How do I find a HMO or PPO that suits my needs or the needs of my family?

People should consult a licensed insurance agent who can compare choices available in their area.  While low costs is the most common factor, more important factors would include evaluating the insurer’s quality and its network by contacting present and former policyholders, the Better Business Bureau, and the Department of Insurance in the person’s home state.  There are numerous websites devoted to discussing choosing the right health plan as well as forums where people can discuss their satisfaction or grievances with their current provider.

Shopping for a plan whose network physicians are located reasonably close to home and well-qualified to meet a person’s family needs saves time and money in the long run.  If a network proves too costly in the present time, people should sign up for the best plan that’s available for now and return to their insurance agent a few months later.  Better products may become available at a later time.

How can I determine if my employer does not provide enough insurance?

People who think they need more insurance should ask themselves: “Does my current policy provide just hospitalization coverage?”  If so, buying an HMO or PPO plan to cover other medical costs, sans the hospitalization feature, makes sense.

On the other hand, people maybe unhappy with the doctors in their network’s plan.  They may live in a state that has passed “any willing provider” laws, which require HMO and PPO networks to accept any willing provider who meets their licensing, training, and other standards.

I’m a retiree.  What are my health care options?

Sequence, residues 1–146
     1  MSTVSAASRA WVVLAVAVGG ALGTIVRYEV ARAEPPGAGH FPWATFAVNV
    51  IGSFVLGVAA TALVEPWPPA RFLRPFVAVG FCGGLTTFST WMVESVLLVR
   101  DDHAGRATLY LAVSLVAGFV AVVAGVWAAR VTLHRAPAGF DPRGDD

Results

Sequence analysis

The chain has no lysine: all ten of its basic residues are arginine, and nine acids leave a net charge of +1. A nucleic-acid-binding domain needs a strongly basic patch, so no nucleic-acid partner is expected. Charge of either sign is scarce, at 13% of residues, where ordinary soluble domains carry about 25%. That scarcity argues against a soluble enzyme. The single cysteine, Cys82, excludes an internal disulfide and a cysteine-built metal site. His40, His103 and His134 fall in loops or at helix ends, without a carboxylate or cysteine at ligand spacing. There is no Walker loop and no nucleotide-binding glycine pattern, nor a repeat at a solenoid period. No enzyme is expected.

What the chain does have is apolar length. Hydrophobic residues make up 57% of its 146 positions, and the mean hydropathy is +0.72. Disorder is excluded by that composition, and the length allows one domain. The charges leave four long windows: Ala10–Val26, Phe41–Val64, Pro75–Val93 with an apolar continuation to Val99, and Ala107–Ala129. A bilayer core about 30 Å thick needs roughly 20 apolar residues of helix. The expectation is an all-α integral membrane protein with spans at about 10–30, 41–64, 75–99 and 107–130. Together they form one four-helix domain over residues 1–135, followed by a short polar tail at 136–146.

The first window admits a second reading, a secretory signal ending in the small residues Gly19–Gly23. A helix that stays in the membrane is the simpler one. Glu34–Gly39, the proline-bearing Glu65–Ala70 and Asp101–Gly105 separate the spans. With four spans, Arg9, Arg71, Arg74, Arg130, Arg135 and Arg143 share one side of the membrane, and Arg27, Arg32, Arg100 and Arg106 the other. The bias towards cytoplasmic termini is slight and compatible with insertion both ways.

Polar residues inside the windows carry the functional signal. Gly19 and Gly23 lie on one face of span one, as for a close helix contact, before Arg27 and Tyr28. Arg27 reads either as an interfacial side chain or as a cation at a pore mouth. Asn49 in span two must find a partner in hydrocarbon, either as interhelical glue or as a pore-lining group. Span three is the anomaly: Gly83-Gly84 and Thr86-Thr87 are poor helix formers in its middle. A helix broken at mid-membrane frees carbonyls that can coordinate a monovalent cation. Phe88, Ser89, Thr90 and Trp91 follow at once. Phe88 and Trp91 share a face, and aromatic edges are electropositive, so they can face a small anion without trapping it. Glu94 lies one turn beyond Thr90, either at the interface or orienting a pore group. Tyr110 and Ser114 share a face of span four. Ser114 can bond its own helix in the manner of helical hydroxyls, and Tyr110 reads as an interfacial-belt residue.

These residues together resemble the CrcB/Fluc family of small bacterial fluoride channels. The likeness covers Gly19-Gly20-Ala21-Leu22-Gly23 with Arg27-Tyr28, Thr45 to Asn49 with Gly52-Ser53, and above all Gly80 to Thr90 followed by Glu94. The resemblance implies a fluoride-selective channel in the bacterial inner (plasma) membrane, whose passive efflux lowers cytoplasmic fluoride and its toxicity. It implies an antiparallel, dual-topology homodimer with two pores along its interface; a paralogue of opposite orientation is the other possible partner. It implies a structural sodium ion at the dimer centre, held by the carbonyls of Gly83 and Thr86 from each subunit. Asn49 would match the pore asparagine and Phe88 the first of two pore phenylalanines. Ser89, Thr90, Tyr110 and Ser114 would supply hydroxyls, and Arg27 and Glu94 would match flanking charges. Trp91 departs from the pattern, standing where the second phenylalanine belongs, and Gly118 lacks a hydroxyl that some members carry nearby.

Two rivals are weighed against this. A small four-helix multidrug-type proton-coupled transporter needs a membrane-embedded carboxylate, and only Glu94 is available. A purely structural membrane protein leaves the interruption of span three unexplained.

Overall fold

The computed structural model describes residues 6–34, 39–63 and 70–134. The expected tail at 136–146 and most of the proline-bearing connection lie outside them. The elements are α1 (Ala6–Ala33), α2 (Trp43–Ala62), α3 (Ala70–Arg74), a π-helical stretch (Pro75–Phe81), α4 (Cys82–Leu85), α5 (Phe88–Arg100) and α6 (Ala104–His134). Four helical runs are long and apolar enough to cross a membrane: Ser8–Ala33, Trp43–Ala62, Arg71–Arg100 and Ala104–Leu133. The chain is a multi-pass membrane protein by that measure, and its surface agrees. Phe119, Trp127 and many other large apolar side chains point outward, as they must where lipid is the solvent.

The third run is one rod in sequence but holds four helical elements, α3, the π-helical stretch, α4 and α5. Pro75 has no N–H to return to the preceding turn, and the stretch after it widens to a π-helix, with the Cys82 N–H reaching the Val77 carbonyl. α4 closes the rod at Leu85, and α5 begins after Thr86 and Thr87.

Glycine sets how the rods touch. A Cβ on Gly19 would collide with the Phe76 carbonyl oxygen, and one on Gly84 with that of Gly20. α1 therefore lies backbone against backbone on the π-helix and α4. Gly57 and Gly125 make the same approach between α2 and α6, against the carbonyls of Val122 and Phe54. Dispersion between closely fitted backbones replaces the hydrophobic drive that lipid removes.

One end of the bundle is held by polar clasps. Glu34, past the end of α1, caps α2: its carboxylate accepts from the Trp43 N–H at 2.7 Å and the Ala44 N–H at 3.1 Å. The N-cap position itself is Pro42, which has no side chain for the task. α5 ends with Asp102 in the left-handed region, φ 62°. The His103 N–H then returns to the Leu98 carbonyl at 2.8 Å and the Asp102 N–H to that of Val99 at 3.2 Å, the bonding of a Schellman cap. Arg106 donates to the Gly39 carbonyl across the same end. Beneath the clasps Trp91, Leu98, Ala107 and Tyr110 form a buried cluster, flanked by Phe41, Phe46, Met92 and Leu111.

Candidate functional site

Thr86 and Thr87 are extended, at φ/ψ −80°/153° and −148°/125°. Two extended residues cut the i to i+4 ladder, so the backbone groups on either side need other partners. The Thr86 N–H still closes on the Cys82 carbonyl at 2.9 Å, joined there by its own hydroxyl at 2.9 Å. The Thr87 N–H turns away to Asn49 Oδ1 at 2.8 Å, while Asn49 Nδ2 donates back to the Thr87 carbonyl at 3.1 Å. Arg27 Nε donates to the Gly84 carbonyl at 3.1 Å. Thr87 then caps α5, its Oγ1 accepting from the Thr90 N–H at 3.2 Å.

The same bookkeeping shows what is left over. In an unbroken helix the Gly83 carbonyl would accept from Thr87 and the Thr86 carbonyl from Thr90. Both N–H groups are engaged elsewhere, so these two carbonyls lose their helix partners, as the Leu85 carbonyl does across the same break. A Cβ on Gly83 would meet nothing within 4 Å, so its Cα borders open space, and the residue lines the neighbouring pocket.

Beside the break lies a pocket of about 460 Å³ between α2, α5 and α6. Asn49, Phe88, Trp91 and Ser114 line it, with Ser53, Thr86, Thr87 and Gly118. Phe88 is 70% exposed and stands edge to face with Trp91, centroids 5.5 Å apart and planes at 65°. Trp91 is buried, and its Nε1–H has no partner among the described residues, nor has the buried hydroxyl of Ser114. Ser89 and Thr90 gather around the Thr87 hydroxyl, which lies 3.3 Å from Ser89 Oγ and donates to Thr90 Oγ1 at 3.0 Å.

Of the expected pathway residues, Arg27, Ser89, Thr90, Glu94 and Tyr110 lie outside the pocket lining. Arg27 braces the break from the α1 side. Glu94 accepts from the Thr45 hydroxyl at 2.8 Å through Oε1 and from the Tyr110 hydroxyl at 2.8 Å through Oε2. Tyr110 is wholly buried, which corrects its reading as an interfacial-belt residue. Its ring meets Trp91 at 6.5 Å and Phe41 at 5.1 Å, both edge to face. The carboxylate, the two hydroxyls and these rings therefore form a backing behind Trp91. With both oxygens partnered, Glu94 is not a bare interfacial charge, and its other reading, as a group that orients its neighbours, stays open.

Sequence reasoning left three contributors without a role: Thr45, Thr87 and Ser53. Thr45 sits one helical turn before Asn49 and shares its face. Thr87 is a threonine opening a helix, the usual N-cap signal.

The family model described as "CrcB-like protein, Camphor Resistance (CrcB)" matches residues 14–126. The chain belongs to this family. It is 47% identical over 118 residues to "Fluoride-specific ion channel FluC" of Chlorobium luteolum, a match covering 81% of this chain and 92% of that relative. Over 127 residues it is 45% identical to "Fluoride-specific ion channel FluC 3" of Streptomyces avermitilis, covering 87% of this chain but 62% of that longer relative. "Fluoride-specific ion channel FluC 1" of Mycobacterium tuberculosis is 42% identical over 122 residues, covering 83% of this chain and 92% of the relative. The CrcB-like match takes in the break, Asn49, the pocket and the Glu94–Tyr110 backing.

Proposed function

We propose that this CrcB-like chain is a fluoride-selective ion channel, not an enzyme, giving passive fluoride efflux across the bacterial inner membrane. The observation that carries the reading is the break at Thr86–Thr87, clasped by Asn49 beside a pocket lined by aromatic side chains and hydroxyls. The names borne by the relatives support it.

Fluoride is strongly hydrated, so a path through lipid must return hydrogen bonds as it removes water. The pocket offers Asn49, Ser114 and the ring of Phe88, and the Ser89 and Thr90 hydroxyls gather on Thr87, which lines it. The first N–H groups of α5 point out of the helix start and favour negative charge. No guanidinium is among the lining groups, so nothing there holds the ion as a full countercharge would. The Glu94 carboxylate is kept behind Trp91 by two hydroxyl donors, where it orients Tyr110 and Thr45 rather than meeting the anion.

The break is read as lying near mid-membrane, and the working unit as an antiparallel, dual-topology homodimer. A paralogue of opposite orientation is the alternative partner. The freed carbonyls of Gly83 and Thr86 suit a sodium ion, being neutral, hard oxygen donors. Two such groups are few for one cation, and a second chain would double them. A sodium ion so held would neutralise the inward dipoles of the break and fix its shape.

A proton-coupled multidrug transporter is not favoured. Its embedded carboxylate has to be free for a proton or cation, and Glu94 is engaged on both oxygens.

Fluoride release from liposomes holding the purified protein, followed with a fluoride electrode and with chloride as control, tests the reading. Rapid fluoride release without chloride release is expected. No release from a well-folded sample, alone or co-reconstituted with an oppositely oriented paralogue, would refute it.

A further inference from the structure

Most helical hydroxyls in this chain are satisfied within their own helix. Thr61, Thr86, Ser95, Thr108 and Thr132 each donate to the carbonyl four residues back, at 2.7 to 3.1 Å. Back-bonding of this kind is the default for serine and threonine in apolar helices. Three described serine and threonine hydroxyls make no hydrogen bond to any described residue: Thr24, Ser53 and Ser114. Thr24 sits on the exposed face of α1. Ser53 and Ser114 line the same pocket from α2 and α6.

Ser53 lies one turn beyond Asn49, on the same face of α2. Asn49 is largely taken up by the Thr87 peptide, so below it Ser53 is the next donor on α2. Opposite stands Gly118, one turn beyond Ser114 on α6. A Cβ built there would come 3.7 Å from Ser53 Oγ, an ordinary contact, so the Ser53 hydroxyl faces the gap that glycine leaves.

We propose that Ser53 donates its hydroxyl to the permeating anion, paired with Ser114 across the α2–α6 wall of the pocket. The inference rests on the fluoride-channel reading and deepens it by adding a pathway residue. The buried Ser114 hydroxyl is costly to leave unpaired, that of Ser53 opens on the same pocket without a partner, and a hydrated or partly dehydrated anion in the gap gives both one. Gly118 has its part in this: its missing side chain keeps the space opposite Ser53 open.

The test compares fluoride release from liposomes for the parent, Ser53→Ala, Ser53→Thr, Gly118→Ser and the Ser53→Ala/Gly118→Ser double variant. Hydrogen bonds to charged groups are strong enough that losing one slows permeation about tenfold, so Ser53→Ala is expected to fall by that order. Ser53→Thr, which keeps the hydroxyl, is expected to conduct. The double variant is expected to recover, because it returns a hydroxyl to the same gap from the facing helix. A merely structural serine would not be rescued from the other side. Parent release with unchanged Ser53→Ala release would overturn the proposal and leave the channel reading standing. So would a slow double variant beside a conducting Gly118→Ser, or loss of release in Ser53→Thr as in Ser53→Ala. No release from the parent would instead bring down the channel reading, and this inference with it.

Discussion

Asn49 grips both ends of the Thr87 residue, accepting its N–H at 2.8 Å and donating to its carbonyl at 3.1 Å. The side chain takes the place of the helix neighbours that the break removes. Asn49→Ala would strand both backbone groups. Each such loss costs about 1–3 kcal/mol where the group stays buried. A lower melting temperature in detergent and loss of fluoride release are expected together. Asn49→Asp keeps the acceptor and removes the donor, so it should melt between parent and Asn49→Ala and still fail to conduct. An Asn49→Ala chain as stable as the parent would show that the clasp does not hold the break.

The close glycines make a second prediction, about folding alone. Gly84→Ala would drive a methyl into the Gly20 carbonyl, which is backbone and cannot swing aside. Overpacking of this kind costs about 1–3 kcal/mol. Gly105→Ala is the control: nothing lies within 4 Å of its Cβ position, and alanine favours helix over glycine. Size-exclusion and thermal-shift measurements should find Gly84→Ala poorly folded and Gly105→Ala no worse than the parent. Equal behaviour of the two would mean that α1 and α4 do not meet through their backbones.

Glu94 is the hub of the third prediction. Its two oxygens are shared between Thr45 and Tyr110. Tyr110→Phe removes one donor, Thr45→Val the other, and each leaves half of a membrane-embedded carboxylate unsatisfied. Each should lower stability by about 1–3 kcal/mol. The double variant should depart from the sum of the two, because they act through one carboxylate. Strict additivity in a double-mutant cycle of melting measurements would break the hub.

Supplementing Medicare coverage with an HMO or PPO plan does not make sense because Medicare already covers basic medical and hospital services.  Retirees, instead, need a different kind of supplementary insurance policy known as Medigap, which covers any remaining expenses that Medicare does not reimburse.  Recently, the federal government has started working with some HMO providers.  If retirees sign up for an HMO plan and commit themselves to visit just network physicians, they won’t need Medigap coverage.  The HMO will require a copayment of $10 per doctor’s visit and Medicare will reimburse other expenses.

Just because your employer provides health care does not necessarily mean you must sign up for the providers from their limited pool, especially if you have found their services unsatisfactory in the past.  We used to rely on HMOs as the most affordable health care solution, but rising costs over the years have caused them to exceed the cost of PPOs.  Look into indemnity coverage if you do not like network care.  If you want to save money in the long run, work with a licensed insurance agent.  Finally, if you are a retiree, find an HMO that works closely with the federal government so that Medicare covers the rest of the expenses that the HMO does not.

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Francis M. Unson

How to Cut Your Medical Bills

March 8, 2010

According to a survey by the National Health Care Trend survey, costs for the most popular types of health care coverage are projected to increase by more than 10% in 2010.  National health care expenditures increased from 16.2% of GDP in 2008 to 17.3% in 2009 due to expenditures outpacing GDP growth.  With the cost of health care going nowhere but up, here are some ways you can make the most of your health care.